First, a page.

Freedom of the Press
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Press Freedom Score (0 = best, 100 = worst)
Legal Environment(0 = best, 30 = worst)
Political Environment(0 = best, 40 = worst)
Economic Environment(0 = best, 30 = worst)
- Swaziland’s absolute monarchy continued to exert strict state control over the media in 2008.
- Freedom of expression is restricted, especially regarding political issues or matters concerning the royal family.
- There are very few legal protections for journalists and media workers, and harsh defamation laws are used to stifle the press. In March, the brother of the king sued the independent Times of Swaziland newspaper for over US$200,000 for reporting on his involvement with a company that was allegedly smuggling cigarettes.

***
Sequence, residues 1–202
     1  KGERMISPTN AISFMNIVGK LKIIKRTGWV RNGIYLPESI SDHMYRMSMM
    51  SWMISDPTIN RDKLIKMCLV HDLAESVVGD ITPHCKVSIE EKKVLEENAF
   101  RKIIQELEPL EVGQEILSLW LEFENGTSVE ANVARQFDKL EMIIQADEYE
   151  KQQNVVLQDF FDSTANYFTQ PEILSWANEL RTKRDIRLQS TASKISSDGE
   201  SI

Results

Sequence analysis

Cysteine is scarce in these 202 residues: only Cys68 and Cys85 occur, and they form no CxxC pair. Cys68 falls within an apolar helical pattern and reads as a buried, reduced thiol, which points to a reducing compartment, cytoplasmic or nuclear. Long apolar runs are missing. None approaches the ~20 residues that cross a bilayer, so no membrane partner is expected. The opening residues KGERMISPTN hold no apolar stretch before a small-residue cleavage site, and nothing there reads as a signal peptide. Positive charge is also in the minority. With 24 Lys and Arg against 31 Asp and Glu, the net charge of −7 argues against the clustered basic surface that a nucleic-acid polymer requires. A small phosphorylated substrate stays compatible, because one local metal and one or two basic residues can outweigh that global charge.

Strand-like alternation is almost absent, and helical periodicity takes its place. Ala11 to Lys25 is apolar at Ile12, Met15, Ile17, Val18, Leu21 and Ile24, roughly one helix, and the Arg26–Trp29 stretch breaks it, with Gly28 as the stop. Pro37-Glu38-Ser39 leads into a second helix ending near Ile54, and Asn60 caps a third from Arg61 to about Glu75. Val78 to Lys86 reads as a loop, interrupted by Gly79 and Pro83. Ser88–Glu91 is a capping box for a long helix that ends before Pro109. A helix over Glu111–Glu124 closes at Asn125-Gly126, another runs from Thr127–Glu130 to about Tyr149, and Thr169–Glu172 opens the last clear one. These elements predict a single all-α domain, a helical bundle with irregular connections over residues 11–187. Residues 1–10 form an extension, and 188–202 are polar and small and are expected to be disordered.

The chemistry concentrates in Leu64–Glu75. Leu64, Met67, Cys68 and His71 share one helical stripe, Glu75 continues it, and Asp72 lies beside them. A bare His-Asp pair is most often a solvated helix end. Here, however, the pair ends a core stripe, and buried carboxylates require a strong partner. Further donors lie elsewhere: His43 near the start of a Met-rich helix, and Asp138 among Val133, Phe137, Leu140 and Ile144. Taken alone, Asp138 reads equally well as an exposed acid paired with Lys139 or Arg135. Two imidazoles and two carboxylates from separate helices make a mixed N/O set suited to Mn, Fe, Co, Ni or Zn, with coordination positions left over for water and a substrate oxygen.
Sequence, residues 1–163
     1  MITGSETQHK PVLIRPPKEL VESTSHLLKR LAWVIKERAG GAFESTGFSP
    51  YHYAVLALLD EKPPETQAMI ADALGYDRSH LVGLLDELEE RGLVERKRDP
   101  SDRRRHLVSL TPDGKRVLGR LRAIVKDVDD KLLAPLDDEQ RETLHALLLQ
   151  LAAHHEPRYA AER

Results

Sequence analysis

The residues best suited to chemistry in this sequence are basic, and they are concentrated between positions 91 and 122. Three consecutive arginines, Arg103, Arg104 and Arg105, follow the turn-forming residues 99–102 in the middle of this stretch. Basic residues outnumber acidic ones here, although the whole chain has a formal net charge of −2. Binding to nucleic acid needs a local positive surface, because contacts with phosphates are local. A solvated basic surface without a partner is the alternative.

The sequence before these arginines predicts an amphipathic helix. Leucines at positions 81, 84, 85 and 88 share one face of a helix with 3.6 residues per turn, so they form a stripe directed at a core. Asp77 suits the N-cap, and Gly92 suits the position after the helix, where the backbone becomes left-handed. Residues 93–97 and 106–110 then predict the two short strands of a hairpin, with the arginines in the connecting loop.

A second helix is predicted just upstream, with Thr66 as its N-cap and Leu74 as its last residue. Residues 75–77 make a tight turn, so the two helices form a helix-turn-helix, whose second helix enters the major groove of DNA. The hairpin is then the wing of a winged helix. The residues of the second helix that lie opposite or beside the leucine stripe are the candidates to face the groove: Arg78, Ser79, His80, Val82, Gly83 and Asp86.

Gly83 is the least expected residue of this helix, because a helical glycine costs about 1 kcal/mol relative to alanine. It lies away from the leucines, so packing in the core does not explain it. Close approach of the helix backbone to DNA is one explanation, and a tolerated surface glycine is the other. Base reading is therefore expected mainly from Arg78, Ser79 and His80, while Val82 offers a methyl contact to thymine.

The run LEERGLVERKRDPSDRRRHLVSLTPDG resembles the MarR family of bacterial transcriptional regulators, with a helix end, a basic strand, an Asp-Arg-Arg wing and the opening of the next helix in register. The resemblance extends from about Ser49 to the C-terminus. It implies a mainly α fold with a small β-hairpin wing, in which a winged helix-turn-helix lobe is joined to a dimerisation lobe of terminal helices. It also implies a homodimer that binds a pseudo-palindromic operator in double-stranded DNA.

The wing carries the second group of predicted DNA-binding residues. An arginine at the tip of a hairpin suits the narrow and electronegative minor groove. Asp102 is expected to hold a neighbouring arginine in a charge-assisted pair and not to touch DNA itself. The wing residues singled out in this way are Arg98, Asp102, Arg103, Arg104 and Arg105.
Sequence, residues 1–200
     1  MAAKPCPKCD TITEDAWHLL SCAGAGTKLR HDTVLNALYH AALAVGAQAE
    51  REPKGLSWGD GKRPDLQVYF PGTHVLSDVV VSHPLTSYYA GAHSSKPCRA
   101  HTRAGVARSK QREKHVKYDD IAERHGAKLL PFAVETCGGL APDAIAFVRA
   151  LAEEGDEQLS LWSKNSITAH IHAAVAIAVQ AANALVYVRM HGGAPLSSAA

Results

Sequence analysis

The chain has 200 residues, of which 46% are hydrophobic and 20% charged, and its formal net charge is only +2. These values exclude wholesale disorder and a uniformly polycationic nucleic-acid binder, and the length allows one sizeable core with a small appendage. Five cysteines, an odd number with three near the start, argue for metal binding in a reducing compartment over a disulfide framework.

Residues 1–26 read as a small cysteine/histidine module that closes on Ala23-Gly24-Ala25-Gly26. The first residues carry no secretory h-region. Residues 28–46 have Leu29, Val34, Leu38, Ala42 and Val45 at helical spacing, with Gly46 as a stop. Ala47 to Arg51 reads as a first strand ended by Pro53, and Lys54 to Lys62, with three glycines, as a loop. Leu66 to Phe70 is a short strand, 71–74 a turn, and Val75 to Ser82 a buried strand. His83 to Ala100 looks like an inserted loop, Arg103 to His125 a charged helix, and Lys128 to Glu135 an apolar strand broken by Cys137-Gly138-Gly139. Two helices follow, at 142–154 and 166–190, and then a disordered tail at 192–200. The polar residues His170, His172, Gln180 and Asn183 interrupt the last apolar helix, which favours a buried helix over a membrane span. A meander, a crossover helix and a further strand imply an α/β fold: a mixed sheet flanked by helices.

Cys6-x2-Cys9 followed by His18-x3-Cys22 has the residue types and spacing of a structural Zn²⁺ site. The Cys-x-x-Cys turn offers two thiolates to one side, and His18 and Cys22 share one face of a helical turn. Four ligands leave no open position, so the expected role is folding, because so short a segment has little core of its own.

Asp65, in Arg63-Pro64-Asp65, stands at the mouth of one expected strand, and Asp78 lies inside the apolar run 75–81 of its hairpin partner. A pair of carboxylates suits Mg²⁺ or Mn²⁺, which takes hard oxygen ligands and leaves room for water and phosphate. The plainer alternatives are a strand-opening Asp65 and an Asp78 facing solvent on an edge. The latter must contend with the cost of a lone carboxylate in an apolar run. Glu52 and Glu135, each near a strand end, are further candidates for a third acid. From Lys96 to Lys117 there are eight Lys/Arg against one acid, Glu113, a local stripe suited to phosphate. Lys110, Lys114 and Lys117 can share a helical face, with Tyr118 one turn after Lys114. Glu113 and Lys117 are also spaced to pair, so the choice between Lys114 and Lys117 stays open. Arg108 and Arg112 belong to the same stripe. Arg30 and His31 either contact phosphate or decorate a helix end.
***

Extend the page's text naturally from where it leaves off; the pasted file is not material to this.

- The government routinely warns against negative news coverage, and journalists are subject to harassment and assault by both state and nonstate actors.
- A vaguely worded Suppression of Terrorism Act, passed by the parliament in May, was used by the government to harass, intimidate, and arrest journalists who criticized the government.
- There are two major newspapers in circulation, one independent and the other generally progovernment. Both continued to criticize government corruption and inefficiency in 2008, but avoided negative coverage of the royal family.
- The Swaziland Television Authority, which is both the state broadcaster and the industry regulator, dominates the airwaves.
- There is one government-owned radio station and one independent radio station, Voice of the Church, which focuses on religious programming.
- The government does not restrict internet-based media, though only 3.7 percent of the population used the internet in 2008.